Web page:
The content does.

         In the same vein, while tweets let people know about things when the talk is in mid-course, they are useless after it has been given and a written transcript is available. To read them is like believing smokers somehow delight in smoking second hand smoke.

         I say these things and then (somewhat crankily) point out something else obvious. These are exactly the sorts of basic communications verities that journalism schools should be teaching digital journalists.

          

         

         

     

  • Updated: Ontario labour ministry cracks down on unpaid internships at Toronto Life, The Walrus   2 weeks 3 days ago

    Publishers are overreacting to this. It's not the fact that interns are being asked to work for free, it's the duration. Four months of unpaid work or longer is obscene. Six weeks is optimum. Students are graduating with big debts and to expect them to service those debts, pay rent, eat and pay their own commuter costs goes beyond the spirit of internship agreements between colleges and media companies.

  • Are unpaid internships worth it?   2 weeks 4 days ago

    When I graduated from Durham College's journalism program in 1978, my radio station internship in Oshawa lasted six weeks. Today, the journalism program here at Algonquin College has the same requirement, so from a time committment perspective, things haven't changed. Where they have is in the levels of student indebtedness and lack of support/parental resources. Just today, I handed a student $20 to buy gas for his car to get him to his placement. We have a discreet food bank because as OSAP runs out, students stop buying food. This isn't right. Media companies have to understand what they're asking of today's interns, and what these folks are facing; maybe even come up with creative ways to help them make some money while interning. My own placement in 1978 was officially unpaid, but all the radio reporters sent their stale copy via taxi cab (no fax machines or email then) to the Toronto Star for paper publication on its York/Durham page the next day. I got a couple of cheques for my stories and that helped defer the running costs of my car.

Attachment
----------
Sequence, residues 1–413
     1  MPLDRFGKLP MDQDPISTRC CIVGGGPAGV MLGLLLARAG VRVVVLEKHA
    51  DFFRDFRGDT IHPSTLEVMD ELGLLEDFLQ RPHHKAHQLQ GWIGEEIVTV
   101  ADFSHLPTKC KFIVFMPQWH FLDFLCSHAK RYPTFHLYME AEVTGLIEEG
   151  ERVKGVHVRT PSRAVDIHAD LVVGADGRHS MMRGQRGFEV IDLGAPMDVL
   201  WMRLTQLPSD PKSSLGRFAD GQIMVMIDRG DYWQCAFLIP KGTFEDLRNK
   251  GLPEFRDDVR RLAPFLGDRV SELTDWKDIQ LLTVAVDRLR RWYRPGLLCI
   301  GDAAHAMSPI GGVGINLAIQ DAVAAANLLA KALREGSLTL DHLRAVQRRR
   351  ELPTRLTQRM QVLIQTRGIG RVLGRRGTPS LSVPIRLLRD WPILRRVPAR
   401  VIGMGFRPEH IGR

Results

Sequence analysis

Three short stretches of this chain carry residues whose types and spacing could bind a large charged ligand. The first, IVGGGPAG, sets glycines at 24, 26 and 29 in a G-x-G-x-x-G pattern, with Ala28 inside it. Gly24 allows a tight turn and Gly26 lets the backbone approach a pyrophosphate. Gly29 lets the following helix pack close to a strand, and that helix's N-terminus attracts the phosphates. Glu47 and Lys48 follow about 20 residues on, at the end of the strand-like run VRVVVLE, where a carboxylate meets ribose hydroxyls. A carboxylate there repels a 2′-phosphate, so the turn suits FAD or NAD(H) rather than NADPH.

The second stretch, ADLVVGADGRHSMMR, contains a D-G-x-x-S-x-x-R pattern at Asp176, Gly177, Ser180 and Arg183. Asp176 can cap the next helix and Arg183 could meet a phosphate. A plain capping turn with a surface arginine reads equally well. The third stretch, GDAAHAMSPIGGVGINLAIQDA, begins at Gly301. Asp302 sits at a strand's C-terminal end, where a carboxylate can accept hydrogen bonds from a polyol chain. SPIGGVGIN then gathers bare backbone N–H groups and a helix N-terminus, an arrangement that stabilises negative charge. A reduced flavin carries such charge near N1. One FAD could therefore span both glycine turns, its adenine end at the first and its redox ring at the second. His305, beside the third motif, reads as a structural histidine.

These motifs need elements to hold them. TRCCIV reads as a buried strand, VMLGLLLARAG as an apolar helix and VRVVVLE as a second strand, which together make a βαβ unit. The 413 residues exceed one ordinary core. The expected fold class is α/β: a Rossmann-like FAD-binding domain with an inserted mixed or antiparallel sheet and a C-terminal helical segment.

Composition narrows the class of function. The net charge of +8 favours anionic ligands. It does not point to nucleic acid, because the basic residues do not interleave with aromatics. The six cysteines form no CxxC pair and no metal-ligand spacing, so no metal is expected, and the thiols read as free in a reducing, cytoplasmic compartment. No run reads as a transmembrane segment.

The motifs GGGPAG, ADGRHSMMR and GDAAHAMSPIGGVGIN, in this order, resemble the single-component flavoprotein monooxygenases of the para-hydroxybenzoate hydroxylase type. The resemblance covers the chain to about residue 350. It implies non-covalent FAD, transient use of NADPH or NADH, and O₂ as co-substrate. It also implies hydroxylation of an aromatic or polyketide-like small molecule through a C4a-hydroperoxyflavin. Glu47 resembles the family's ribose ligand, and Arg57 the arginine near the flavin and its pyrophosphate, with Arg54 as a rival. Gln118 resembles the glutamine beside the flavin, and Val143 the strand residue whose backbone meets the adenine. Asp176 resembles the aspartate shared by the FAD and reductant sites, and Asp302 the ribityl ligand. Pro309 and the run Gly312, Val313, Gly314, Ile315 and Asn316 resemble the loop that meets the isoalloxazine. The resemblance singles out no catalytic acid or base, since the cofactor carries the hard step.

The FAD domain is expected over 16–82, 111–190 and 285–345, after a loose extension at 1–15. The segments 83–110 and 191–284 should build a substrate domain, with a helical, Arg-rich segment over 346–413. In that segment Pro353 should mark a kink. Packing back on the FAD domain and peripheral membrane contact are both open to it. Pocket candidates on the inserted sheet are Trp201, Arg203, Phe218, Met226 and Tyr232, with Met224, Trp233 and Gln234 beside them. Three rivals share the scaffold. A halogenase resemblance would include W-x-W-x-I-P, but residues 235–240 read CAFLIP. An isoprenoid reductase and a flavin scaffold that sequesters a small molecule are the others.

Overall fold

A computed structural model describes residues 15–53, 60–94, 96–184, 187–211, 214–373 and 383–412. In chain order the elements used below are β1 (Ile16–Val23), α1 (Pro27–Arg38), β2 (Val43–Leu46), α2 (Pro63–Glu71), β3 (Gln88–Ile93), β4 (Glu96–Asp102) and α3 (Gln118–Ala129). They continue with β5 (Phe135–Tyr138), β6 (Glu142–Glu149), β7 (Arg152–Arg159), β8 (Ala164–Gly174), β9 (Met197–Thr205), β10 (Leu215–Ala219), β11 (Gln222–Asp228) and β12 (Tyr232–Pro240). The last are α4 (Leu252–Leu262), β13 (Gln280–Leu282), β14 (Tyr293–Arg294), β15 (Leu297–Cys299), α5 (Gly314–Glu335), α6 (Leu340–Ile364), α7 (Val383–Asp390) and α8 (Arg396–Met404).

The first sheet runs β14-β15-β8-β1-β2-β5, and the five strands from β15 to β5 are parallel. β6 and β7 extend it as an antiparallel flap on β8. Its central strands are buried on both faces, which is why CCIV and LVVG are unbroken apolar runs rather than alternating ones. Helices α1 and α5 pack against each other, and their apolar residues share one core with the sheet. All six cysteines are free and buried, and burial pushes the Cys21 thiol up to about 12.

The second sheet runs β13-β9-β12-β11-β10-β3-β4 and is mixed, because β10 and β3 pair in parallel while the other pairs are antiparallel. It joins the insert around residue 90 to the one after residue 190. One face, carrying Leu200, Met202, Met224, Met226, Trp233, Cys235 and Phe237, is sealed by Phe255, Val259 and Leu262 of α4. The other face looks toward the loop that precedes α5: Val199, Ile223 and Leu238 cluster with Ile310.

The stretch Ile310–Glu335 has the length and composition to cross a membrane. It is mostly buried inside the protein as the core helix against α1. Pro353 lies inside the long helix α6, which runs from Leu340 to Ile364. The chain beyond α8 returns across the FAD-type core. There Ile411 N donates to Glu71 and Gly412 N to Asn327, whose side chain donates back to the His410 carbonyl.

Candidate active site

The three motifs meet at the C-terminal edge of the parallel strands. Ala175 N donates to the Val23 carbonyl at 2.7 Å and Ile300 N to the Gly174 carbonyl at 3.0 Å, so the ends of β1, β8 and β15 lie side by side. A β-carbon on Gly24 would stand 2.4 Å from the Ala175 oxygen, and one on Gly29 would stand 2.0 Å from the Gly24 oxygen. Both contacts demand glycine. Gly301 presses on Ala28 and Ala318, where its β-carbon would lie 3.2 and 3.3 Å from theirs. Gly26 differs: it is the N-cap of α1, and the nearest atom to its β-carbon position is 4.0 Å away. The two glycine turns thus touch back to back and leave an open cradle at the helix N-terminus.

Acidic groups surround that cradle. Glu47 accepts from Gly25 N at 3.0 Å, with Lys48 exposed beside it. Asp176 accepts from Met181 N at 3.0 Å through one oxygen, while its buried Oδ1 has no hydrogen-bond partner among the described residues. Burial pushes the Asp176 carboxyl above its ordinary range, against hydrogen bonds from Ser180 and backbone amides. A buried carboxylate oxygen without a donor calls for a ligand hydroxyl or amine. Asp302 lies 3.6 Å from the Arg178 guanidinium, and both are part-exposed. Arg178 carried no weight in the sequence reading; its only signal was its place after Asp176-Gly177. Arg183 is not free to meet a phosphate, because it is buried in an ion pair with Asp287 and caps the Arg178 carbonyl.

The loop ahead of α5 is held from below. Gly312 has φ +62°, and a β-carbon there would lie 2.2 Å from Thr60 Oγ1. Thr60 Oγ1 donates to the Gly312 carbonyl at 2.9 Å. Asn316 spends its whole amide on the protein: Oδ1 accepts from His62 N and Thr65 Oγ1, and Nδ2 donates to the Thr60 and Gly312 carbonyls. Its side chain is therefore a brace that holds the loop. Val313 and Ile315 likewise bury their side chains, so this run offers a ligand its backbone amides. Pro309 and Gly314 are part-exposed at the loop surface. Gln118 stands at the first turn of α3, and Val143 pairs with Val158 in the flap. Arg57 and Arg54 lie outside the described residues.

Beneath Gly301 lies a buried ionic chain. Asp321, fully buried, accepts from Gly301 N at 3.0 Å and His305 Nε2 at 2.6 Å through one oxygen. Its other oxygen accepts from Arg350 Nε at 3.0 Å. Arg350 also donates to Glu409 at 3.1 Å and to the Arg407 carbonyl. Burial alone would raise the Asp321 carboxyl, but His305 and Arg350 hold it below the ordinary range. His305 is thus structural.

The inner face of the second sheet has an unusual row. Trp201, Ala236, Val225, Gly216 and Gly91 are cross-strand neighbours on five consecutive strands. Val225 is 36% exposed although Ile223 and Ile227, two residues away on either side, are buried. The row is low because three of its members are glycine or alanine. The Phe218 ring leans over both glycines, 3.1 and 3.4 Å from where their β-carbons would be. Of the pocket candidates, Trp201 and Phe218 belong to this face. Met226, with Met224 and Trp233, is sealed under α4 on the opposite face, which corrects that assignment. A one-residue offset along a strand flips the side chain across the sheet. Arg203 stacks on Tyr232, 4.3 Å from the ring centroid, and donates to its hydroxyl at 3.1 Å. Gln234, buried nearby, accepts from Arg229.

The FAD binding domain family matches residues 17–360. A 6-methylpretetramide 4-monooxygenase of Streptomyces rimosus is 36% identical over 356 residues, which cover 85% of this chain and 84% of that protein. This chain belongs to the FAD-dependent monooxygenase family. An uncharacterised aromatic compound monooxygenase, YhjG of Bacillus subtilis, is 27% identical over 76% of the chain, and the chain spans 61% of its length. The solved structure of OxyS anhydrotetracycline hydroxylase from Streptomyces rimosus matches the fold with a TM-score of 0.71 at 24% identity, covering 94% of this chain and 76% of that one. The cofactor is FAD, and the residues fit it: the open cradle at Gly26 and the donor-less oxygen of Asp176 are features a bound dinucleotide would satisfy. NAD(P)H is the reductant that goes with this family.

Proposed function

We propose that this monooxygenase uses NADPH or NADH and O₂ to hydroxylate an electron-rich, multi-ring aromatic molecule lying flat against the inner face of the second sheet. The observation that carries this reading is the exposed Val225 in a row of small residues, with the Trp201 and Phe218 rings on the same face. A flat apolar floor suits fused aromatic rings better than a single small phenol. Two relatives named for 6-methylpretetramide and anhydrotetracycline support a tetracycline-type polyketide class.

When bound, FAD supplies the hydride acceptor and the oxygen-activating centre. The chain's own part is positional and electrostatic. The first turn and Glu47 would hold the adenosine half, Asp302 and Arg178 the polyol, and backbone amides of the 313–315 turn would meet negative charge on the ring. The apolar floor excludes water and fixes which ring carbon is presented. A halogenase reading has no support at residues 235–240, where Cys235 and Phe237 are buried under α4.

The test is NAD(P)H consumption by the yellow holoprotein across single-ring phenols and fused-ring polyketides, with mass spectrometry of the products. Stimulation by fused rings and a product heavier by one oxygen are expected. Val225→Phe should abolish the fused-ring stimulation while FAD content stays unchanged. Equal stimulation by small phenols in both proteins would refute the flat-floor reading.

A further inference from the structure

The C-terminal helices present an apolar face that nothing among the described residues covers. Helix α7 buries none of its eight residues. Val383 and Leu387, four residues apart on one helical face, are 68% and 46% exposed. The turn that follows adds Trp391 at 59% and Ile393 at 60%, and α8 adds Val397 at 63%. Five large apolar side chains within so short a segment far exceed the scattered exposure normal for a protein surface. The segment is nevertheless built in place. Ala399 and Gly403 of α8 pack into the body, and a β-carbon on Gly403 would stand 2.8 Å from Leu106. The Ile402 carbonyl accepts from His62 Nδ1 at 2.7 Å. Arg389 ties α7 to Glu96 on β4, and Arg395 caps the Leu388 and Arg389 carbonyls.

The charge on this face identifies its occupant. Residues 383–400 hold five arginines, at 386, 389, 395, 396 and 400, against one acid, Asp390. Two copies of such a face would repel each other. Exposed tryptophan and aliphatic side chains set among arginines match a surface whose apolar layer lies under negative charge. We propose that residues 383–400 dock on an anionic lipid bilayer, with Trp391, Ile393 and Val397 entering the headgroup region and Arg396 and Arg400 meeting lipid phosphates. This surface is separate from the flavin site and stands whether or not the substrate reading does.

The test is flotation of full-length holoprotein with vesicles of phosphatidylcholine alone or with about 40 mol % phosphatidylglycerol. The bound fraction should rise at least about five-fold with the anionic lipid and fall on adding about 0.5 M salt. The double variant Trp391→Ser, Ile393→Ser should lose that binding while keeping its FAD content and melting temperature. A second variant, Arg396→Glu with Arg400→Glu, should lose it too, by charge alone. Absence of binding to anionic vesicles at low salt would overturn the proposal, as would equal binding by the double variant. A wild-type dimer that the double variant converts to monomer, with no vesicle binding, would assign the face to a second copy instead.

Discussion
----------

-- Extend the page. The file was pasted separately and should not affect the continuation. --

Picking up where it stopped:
• Are unpaid internships worth it?   2 weeks 4 days ago